A Nation at Risk and Education Reform: a Frame Analysis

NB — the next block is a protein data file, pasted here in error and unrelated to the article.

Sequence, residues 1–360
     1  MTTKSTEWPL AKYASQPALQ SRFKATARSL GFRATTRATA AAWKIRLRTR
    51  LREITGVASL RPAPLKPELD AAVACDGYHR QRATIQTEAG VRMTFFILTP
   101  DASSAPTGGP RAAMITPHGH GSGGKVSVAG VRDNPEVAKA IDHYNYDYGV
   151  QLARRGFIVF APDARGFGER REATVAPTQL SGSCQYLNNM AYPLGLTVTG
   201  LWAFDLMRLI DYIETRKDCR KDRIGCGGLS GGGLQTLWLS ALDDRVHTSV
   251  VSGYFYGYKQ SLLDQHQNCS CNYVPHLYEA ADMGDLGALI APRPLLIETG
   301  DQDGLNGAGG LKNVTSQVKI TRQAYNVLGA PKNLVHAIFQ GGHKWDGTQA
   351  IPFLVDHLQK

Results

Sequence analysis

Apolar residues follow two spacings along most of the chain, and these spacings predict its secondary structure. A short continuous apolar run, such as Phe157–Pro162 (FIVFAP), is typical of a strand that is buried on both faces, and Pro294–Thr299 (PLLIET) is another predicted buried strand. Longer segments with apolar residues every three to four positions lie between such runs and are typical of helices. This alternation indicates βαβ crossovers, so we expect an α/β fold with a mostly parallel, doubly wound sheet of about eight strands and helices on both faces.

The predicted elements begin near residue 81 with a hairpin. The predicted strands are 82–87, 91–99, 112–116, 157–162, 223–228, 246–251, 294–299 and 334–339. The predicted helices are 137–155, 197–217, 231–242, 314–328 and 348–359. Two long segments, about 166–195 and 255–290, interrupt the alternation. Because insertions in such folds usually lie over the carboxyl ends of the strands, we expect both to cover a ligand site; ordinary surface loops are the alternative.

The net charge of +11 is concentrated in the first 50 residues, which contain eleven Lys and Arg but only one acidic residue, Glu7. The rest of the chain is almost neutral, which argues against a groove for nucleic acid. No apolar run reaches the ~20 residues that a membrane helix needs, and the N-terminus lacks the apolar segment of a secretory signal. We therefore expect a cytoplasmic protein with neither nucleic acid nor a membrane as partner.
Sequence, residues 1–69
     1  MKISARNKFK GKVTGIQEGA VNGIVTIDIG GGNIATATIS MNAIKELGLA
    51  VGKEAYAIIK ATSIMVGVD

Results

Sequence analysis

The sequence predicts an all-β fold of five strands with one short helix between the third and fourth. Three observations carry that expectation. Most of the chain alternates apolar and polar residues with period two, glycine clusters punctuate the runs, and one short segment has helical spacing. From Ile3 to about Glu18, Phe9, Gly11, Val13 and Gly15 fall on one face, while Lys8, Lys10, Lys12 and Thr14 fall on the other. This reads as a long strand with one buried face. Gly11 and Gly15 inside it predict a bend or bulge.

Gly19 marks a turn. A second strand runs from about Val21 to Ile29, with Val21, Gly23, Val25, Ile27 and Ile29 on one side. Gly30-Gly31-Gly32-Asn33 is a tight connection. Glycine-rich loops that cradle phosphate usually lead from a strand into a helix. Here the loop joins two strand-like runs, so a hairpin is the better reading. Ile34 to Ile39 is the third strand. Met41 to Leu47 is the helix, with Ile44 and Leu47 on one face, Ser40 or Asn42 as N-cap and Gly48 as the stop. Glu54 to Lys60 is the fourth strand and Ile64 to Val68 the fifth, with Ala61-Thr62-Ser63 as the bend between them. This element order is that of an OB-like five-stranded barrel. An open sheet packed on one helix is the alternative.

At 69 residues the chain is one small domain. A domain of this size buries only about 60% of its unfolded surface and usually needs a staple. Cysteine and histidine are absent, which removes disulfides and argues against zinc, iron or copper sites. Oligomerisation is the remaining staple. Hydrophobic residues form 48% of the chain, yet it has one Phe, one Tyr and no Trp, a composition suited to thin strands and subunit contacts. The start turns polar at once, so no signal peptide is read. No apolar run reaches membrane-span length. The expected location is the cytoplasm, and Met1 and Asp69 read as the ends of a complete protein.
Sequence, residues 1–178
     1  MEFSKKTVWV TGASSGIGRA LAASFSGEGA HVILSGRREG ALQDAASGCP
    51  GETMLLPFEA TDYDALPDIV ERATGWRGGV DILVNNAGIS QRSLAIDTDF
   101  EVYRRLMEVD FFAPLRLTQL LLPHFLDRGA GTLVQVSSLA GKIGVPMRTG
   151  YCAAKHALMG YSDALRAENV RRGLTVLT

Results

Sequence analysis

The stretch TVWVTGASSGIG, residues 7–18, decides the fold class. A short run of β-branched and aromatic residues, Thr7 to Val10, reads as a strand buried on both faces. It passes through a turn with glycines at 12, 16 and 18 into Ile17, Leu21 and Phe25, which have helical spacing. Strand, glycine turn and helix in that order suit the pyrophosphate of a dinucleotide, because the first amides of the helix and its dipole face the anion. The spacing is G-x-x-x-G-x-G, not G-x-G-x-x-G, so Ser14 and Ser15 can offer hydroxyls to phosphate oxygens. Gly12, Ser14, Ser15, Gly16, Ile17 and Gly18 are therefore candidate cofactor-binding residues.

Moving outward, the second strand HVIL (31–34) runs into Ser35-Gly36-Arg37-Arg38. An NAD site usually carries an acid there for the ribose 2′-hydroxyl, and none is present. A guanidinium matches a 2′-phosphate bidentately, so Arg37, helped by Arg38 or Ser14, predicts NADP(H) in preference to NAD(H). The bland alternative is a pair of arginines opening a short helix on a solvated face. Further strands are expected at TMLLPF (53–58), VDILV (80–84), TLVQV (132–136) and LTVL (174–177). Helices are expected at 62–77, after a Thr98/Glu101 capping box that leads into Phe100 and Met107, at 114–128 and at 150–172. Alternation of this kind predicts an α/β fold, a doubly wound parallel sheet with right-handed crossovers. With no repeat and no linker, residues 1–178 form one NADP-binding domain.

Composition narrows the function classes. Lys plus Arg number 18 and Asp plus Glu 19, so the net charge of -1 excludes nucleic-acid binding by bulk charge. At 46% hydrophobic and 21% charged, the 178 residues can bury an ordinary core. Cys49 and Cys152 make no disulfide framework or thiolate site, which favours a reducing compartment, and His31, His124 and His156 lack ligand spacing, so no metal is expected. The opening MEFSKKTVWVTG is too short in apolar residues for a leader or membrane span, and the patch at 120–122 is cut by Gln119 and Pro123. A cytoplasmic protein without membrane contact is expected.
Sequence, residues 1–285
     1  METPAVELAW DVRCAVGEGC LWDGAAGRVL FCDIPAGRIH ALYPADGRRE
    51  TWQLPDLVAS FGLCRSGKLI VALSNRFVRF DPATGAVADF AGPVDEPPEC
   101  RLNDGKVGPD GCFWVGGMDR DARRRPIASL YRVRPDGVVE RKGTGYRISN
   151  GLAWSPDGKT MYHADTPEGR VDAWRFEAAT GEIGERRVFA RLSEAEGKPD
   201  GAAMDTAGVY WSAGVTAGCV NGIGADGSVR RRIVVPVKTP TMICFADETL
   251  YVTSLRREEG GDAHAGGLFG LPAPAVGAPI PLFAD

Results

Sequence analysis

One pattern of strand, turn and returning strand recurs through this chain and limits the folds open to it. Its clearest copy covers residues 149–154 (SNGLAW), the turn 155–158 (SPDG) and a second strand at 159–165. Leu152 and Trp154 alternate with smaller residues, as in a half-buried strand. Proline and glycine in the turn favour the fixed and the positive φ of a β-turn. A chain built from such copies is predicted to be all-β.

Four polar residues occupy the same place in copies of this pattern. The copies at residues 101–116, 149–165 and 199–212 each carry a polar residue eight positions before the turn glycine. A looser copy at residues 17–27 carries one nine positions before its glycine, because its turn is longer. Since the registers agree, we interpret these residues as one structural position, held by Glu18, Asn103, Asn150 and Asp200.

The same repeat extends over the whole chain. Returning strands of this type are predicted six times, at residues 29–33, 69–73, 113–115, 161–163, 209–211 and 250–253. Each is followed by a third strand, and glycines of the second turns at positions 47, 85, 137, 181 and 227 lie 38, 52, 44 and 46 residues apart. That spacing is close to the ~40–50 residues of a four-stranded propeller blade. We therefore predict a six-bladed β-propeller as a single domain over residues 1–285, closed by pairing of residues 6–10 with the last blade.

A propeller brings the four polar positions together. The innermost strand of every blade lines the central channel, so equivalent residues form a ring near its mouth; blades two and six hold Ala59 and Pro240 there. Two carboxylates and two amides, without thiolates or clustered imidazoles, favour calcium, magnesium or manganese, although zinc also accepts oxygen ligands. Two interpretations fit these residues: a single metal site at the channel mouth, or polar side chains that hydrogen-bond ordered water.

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University of Washington Abstract A Nation at Risk and Education Reform: a Frame Analysis Patrick Holmes Chair of the Supervisory Committee: Professor Walter Parker College of Education This study focuses on the language and ideas presented in the US government report A Nation at Risk. Education reform in the 1980's came to national attention when A Nation at Risk was released. This paper analyzes A Nation at Risk in order to determine the salience of the frames and their effect on the dialogue and actions. Methodologically it uses a frame analysis focusing on the problem frames, solution frames, and motivational frames embedded in A Nation at Risk. The central finding is that A Nation at Risk focuses on three main discourses of educational mediocrity: national security, competition, and ineffective classrooms. Each discourse includes a motivational frame that these reforms must be acted upon in order for the US to maintain its economic security in a changing world. A Nation at Risk framed the debate surrounding educational reform and its suggestions became guideposts for educational reform in the 1980's and to some extent still influence educational reform now. The focus on content, curriculum, teacher preparedness, time, standards, and testing have become the buzz words used to describe how education should be reformed now. This study hopes establishes a basis for future comparisons of both previous education reform frames, such as for the period after Sputnik, as well as modern frames from the post-9-11 period, and how they continue to influence educational policy.
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